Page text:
Although glasses come in many more varieties than even just 10 years ago, they can be annoying or cumbersome for some people which is where the convenience of contact lenses comes into play.
There is a huge range of contact lenses types and plenty of options to choose from so how do you know which ones to pick?
Below, we detail all the info you need to know about the different kinds of contact lenses.
How Long You Can Wear Each Kind of Contact Lens and When to Replace Them
Contact lenses aren’t like glasses where you only need one pair and your vision is corrected. Because contact lenses sit on the surface of your eye, they need to be replaced regularly. However, how regularly they are replaced depends on the design of the lens.
- Daily wear contact lenses need to be removed before going to bed
- Extended wear contact lenses can be worn overnight, but only for a limited number of nights
- Continuous wear contact lenses are a kind of extended wear contact lenses that can be worn 24 hours per day for up to 30 consecutive days
Even with the proper care and maintenance, contact lenses should be replaced regularly. This avoids bacteria building up and other contamination issues and ensures your eyes stay healthy.
Soft contact lenses are especially important to replace regularly. However, how long you wait depends on their specific type. Thus, they should be thrown out and replaced as follows:
- Discard and replace after wearing for one day: Daily disposable lenses
- Discard and replace after wearing for less than 2 weeks: Bi-weekly disposable lenses
- Discard and replace after every month: Monthly disposable lenses
- Discard and replace after every 6 months (or in some cases longer): Traditional (reusable) lenses
The Different Types of Materials Uses for Contact Lenses
When it comes to choosing a kind of contact lens that works for you it’s helpful to know the kind of materials they use or are made of. The materials used will make a difference not only in comfort but how they affect your vision as well. Your optometrist may recommend one type of material over another depending on your vision correction needs:
- Soft lenses: These are made from gel-like, water-containing plastics called hydrogels and are very thin and pliable. They’re also one of the most common kinds of contact lenses.
- Silicone hydrogel lenses: These are made up of a type of soft contact lens material that allows more oxygen to pass through the lens and reach the front surface of the eye to make wearing them more comfortable. They are also one of the most popular choices for contact lenses.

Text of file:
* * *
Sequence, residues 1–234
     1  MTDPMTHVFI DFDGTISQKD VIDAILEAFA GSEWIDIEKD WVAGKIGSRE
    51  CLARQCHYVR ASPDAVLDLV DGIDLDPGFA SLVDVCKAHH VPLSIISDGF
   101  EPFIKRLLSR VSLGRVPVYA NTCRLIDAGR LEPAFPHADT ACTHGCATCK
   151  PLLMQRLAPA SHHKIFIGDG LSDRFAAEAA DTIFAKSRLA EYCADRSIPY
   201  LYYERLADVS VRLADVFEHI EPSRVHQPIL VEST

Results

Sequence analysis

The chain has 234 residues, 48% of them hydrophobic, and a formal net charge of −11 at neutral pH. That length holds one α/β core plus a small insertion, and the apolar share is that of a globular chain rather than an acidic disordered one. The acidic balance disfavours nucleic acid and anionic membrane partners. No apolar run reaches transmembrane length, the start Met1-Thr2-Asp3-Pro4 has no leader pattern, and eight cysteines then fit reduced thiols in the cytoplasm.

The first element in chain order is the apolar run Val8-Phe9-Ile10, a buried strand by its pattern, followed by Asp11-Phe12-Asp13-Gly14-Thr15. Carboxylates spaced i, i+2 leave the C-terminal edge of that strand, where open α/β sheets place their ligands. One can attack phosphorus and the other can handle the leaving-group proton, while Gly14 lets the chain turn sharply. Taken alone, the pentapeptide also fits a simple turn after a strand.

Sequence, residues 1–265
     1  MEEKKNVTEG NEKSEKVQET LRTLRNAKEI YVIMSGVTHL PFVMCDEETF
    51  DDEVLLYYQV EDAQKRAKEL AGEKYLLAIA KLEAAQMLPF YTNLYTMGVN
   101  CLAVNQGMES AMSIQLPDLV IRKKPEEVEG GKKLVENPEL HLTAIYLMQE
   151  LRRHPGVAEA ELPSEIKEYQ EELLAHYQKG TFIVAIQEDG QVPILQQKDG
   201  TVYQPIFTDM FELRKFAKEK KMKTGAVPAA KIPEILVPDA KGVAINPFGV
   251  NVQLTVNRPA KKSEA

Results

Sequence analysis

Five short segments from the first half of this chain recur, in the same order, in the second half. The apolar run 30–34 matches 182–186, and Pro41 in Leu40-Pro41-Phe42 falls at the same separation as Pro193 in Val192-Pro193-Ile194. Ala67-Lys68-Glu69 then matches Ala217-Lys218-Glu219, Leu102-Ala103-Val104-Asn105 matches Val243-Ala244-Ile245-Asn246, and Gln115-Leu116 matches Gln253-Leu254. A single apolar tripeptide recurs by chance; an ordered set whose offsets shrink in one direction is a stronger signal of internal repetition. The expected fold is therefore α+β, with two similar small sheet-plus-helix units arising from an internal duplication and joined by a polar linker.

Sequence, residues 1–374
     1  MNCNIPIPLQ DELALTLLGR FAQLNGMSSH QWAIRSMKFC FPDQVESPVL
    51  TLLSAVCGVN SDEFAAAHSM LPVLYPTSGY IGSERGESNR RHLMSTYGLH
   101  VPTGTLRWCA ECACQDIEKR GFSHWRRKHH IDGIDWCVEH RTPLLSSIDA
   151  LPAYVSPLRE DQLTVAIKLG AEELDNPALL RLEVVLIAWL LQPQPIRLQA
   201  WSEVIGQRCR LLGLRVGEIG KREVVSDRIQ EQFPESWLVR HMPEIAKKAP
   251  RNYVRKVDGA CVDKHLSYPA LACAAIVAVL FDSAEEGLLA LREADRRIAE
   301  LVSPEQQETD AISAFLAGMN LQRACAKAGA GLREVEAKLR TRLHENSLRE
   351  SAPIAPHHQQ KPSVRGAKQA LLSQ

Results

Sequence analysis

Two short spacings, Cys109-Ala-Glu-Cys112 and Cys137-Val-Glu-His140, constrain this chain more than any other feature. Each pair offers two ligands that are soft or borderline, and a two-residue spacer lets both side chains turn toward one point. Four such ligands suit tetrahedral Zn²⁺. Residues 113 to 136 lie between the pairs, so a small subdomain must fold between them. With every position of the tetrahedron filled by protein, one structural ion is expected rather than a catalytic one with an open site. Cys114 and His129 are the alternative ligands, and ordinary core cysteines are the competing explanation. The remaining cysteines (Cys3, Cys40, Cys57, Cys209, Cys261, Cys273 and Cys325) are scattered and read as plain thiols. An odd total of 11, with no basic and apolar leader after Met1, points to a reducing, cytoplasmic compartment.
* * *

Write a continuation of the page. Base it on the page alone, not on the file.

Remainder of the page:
- Gas permeable (GP) or rigid gas permeable lenses (RGP): Unlike other contact lenses on this list, GP lenses are less flexible but in turn are much better at treating conditions like astigmatism and other refractive errors. Due to their rigid design, they tend to take a little more to get used to but anecdotally people have said they can be just as comfortable as other kinds of lenses.
- Hybrid contact lenses: One of the more advanced kinds of contact lenses, these are some of the most cutting edge when it comes to comfort and design. They are made to have a rigid gas permeable central zone, surrounded by a “skirt” of hydrogel or silicone hydrogel material. Because of this, they offer the comfort of soft or silicone hydrogel lenses with the clarity of GP lenses.
Is It Safe to Use Eye Drops With Contacts?
Contact lenses are designed with all kinds of features nowadays. This includes everything from additional comfort to features like bifocal contacts for astigmatism or reducing dry eyes through specially designed soft contact lenses. One of the features to watch for is compatibility with eye drops. You can use eye drops with some contact lenses, but only use eye drops with contact lenses that are specifically marked as such. Eye drops that don’t make mention of the compatibility shouldn’t be used as they can actually cloud your vision or “gum up” your contact lenses. If you’re not sure which eye drops to look for, your optometrist can recommend the best ones for you to use.
Because there are so many layered options available for contact lenses if you’re not sure what you’d like it’s best to discuss the right options for you with your optometrist.